From 1996 to 2006 she was a member of the International Olympic Committee for Spain, when she became an honorary member, and Member of the Executive Board of the Spanish Olympic Committee.
Philanthropic and other activities
Pilar de Borbón was one of the founders of Asociación Nuevo Futuro ("New Future Association") in 1968, an international child support organization, and was its president and then president of honor. Until her death, she was one of the leaders and supporters of the Rastrillo Nuevo Futuro event, which provided part of the income that financed Asociación. The event even received the visit of the Queens of Spain, Letzia and Sofia. Rastrillo has always been a place of meeting, solidarity and enjoyment for her, wrote ¡Hola! magazine in January 2019. Her last public appearance was in "Rastrillo" on 23 November 2019.
Pilar de Borbón was also a member of the board of directors of the Queen Sofía Spanish Institute in New York City, president of the World Monuments Fund España and, from 2007 to 2009, president of Europa Nostra, the European Federation for the Defense of Cultural Heritage.
She was also a music fan and accompanied her brother, King Juan Carlos of Spain, and nephews to bullfighting matches.
Main article: Panama Papers
Mossack Fonseca files document that in August 1974, Pilar de Borbón became president and director of the Panama-registered company Delantera Financiera SA (registered May 1969) with her husband as secretary-treasurer and director. In 1993, London-based Timothy Lloyd who had represented the undisclosed owner of the company said that Pilar de Borbón owned it. After March 1993, the intermediary representing the company was Madrid-based Gómez-Acebo & Pombo Abogados, a law firm founded by Pilar de Borbón's brother-in-law Ignacio Gómez-Acebo . From July 2006 until its dissolution in June 2014, five days before the installation of her nephew Felipe VI, Pilar de Borbón's son Bruno Alejandro Gómez-Acebo Borbón was director and treasurer of the company. On 7 April 2016 she admitted the accusations but making clear that she never evaded.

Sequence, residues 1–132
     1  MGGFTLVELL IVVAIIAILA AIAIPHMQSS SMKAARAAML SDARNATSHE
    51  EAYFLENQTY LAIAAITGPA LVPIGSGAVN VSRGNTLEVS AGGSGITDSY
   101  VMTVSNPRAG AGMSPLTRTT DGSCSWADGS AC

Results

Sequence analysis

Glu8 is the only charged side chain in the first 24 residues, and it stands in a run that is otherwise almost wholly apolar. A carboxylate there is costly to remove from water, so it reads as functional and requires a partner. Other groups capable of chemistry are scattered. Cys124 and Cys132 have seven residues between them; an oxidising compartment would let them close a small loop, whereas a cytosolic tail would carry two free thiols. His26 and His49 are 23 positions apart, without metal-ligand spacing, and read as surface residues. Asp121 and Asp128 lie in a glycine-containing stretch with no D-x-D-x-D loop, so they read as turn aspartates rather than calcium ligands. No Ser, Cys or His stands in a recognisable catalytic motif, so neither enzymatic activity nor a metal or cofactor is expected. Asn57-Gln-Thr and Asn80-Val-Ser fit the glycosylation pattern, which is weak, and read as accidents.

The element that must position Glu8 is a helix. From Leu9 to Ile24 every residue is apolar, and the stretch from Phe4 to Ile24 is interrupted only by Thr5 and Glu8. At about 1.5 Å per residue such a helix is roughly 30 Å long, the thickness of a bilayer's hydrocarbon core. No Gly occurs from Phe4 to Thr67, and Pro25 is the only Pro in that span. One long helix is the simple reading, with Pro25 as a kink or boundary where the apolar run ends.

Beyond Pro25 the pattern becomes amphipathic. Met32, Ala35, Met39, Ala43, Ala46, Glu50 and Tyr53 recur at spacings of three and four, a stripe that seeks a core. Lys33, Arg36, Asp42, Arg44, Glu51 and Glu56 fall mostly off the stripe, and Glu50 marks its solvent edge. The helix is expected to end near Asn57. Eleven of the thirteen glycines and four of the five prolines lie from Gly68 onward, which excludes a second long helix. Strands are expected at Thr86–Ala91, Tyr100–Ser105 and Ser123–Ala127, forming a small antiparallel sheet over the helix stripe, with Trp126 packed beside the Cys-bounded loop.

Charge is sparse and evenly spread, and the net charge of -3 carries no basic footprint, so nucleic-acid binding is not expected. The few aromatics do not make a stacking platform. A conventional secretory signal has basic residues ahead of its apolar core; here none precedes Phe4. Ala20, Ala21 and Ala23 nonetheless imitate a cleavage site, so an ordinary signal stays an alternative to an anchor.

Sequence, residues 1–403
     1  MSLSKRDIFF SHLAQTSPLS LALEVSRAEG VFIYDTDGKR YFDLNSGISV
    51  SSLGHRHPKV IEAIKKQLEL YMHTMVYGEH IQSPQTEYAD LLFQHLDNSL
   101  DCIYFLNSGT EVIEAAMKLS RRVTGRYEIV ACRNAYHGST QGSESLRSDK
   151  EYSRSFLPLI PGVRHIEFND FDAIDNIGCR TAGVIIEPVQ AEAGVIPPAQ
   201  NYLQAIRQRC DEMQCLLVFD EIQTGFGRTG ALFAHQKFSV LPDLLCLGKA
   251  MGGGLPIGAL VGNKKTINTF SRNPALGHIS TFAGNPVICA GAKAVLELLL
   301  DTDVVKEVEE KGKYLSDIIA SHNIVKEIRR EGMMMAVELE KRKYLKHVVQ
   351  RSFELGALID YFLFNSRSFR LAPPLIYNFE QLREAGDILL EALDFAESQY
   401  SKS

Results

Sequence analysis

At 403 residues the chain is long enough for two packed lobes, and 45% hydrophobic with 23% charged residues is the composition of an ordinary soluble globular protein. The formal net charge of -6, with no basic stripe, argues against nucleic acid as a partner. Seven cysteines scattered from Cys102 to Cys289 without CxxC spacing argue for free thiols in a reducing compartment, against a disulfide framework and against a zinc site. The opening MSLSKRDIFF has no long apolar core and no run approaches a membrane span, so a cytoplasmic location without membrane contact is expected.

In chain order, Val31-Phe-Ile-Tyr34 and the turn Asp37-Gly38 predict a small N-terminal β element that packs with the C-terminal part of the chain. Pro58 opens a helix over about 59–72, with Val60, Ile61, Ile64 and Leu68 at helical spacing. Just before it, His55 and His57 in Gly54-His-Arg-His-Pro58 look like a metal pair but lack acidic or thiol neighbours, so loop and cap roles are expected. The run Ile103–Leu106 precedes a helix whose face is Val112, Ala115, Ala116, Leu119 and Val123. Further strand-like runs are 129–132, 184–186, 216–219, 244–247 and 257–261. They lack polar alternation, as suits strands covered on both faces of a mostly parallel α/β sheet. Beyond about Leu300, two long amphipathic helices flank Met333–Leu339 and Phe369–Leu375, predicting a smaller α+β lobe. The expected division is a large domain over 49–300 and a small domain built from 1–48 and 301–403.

Illness and death
Pilar was operated for an intestinal obstruction on 2 February 2019 in Madrid was diagnosed with colon cancer in 2019, being made public in May of the same year. On 5 January 2020, she was admitted to the hospital as her condition worsened. She died on 8 January 2020 at the Ruber Internacional Hospital in Madrid, with her family at her side.
She was cremated on 9 January 2020 and her ashes were buried alongside her husband in Saint Isidore Cemetery, Madrid, in a private ceremony.
See also: List of honours of the Spanish Royal Family by country
Spain: Knight Grand Cross of the Order of Charles III
Spain: Dame Grand Cross of the Order of Queen Maria Luisa
Spain: Knight Grand Cross of the Royal Order of Sports Merit
Greek Royal Family: Dame Grand Cross of the Order of Saints Olga and Sophia
Two Sicilian Royal Family (Hispano-Neapolitan branch): Dame Grand Cross of Justice of the Sacred Military Constantinian Order of Saint George
Portugal: Grand Cross of the Order of Infante Henry